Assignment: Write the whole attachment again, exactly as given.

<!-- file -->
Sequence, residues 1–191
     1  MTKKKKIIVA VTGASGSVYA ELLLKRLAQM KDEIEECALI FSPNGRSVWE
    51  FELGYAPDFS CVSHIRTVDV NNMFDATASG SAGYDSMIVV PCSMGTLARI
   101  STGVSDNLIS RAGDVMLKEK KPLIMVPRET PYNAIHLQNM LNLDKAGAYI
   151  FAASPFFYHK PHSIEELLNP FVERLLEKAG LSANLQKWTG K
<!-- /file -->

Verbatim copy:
Sequence, residues 1–191
     1  MTKKKKIIVA VTGASGSVYA ELLLKRLAQM KDEIEECALI FSPNGRSVWE
    51  FELGYAPDFS CVSHIRTVDV NNMFDATASG SAGYDSMIVV PCSMGTLARI
   101  STGVSDNLIS RAGDVMLKEK KPLIMVPRET PYNAIHLQNM LNLDKAGAYI
   151  FAASPFFYHK PHSIEELLNP FVERLLEKAG LSANLQKWTG K